If you’re reading this blog, you are likely on board with the idea that creating compelling, useful content for your audience is a vital aspect of your online marketing efforts. In fact, the Content Marketing Institute reports that 88% of B2B marketers are using content marketing.
It makes a lot of sense, right? We all know that our potential clients have problems… problems our firms can solve. Furthermore, we know they’re human (or at least they have humans who care about them), which means that there is better than a 99% chance that they use the internet to look for solutions to their problems.
Long story short, we each want our site to be the go to place for our clients to find information that helps them understand and solve (to a certain degree) their problems. Easy enough?
Great, so go ahead.
Do that content thing.
Your next client is eager and ready.
She’s typing something into a Google search right now.
Oh, you’re not sure what to write about? Sometimes I am not either. Herein lies one of the challenges. Fresh new content, written or otherwise, is at the center of every successful inbound marketing strategy.
So how can we keep coming up with new ideas every week? Here’s one way to help you generate blog topic ideas. Let’s call it the multi-hub and spoke blog topic machine. Or you can just call it the answer to your empty piece of paper with “blog post topics” written across the top.
First step: down the left side of a piece of paper make a list of questions your ideal clients are likely to have, that are related to the problems you and your business can resolve. Note they don’t have to be completely within your “lane” - remember, the goal of your blog posts is to be helpful. Let’s take an accounting practice as an example.
Questions our clients have:
How can we pay less in taxes?
What are good business write-offs we should take?
What financial reports should we review monthly?
When is the best time of year to buy new equipment for our business?
...you get the idea. As you make this list, leave four or five lines between items. You’re going to take each question and translate it into four potential blog post topics. Those four topic types are: list, how to, curated, and “newsjacking.
List-style blog topic: Readers love these kinds of posts because they can quickly pick up some very tangible ideas to help with their situation. You see this type all over the web “11 reasons, ideas, techniques to do, avoid, profit from… something.” On the question of avoiding tax expenses, you can see how this would work “7 little-known tax savings opportunities for small businesses” or similar.
“How-to” blog topic: pretty self-explanatory. This is perhaps the first type of post you think to write, and it can be intimidating. First of all, you may get stuck thinking it’s just too complex to explain how to do some aspect of your job. Secondly, you may wonder why you’d want to do that in the first place! After all, your clients pay you for this service -- why would you offer it in a blog post for free? ( I address that line of thinking here.)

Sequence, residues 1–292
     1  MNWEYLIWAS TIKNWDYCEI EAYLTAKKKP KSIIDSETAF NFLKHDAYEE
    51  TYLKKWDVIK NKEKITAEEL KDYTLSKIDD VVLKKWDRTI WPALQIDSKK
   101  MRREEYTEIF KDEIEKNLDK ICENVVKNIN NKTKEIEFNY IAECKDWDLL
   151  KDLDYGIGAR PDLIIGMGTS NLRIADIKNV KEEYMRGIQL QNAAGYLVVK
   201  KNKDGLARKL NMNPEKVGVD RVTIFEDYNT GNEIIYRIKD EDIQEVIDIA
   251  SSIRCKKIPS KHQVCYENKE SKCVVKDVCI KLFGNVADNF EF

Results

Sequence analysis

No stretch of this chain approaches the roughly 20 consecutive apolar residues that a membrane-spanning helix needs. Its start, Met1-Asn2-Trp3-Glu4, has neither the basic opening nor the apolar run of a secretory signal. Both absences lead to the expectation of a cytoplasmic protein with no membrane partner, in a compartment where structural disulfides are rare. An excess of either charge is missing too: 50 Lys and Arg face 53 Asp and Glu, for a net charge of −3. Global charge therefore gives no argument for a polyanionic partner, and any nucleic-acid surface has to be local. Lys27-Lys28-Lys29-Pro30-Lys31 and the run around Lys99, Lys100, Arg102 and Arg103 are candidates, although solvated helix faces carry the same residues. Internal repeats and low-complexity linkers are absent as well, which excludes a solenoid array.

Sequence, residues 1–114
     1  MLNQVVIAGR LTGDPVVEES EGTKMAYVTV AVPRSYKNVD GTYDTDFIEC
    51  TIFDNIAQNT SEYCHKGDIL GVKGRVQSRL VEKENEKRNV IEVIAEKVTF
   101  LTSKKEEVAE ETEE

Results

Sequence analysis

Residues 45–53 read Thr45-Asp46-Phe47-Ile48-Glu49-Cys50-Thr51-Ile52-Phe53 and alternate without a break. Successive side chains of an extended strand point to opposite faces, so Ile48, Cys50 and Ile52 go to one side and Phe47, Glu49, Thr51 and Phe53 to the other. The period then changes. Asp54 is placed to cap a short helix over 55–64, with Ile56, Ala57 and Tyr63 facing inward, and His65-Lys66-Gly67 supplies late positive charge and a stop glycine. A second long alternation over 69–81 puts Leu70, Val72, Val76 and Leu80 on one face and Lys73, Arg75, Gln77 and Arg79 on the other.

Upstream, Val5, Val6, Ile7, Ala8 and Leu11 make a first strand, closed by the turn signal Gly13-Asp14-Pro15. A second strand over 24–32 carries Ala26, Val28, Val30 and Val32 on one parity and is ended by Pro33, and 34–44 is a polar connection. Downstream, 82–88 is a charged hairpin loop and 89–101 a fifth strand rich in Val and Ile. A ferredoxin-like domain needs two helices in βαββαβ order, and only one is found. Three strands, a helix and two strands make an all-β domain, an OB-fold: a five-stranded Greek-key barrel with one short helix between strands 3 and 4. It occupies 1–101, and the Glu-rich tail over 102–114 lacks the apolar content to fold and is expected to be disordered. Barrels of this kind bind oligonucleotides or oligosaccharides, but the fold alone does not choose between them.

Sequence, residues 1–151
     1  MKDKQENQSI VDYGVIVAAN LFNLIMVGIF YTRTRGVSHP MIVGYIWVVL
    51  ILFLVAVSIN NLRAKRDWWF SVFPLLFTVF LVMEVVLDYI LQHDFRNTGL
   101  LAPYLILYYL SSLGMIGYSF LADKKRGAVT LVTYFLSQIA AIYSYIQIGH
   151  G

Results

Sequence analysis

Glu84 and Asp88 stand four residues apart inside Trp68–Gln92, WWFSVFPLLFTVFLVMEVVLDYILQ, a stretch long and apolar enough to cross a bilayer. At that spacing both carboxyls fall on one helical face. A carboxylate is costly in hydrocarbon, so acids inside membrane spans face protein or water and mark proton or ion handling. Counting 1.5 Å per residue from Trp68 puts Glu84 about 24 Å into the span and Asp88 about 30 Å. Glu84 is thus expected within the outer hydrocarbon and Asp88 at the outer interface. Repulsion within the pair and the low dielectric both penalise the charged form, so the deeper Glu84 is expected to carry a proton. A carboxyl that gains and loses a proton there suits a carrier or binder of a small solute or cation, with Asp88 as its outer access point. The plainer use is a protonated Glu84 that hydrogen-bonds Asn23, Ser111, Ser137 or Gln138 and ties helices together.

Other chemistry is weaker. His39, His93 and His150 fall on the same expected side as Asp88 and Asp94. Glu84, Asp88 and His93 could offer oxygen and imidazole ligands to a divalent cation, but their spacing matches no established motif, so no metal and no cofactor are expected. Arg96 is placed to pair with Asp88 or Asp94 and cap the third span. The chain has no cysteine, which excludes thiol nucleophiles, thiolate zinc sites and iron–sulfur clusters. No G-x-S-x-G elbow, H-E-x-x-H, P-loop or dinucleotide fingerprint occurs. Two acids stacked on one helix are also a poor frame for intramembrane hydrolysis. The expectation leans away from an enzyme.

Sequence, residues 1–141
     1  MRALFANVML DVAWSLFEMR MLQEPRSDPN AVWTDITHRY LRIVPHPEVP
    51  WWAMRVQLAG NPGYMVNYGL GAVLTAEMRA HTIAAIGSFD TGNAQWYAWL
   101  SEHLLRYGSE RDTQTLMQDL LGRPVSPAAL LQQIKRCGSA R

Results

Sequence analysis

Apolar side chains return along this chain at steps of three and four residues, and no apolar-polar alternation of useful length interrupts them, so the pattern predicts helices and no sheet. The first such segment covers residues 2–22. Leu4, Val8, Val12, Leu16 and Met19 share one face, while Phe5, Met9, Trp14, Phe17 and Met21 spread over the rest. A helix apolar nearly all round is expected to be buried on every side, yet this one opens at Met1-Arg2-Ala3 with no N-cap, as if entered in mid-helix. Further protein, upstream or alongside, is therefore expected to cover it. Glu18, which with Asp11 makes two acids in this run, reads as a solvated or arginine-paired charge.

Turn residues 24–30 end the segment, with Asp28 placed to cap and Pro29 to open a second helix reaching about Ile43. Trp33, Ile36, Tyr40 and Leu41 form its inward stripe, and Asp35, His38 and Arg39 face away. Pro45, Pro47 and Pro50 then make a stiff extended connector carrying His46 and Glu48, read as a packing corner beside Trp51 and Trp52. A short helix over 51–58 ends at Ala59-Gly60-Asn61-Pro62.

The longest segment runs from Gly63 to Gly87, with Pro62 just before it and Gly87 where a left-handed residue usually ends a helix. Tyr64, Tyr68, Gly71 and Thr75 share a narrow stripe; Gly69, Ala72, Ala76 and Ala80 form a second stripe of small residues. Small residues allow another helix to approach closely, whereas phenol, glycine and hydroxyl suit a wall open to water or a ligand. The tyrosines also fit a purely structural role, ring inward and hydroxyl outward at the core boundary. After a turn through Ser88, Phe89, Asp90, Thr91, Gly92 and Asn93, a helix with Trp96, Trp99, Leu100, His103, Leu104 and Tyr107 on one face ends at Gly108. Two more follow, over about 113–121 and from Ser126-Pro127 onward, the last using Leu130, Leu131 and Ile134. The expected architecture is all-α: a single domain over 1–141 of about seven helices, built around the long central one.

What he or she is after is a solution to a simple problem, not an instruction manual in how to be you. Back to the tax question example, a blog post might go down one simple path like “How to organize your business expenses so your accountant can maximize your tax savings.”
Curated blog topic: one of the most overlooked post types. This is a great one to pull out when you’re really struggling to find inspiration to write something original. Simply research other material already online that deals with the same issue. I don’t recommend you pick out what a direct competitor has published, because you’ll need to link to and attribute the source. There’s no need to send your visitors to a competitor simply because your writing juices aren’t flowing! Great sources of material are large (expensive) firms that your ideal clients wouldn’t hire or nationally renowned gurus who write a lot, but aren’t necessarily interested in working directly with your firm’s type of client. Here’s what it takes:
- Research and select an existing piece of content that would help your reader.
- Include a clear reference re: the original author as well as a link.
- Write your own introductory paragraph explaining why you felt this would be helpful information.
- Copy a bit (a paragraph or two, perhaps) of particularly useful information and offer additional commentary.
- Wrap it up with a conclusion and a call-to-action to download your wonderful guide that offers more thorough help! (that’s a topic for another day).
Newsjacking blog topic: What happened in your industry, city, industry you serve, or Hollywood this week? If there is ANY way you can connect it back to the services your firm offers, you’ve got potential to pull together a newsjacking post. Do you want a sliver of the searches people are launching like “[enter famous business here] tax fraud case”? We can do that! Simply write a post “[famous company]’s tax fraud problem and how your business can avoid the same trap.”
So there you have it -- a foolproof strategy for generating content ideas that will help your next client find your firm, recognize your expertise, and value your help.
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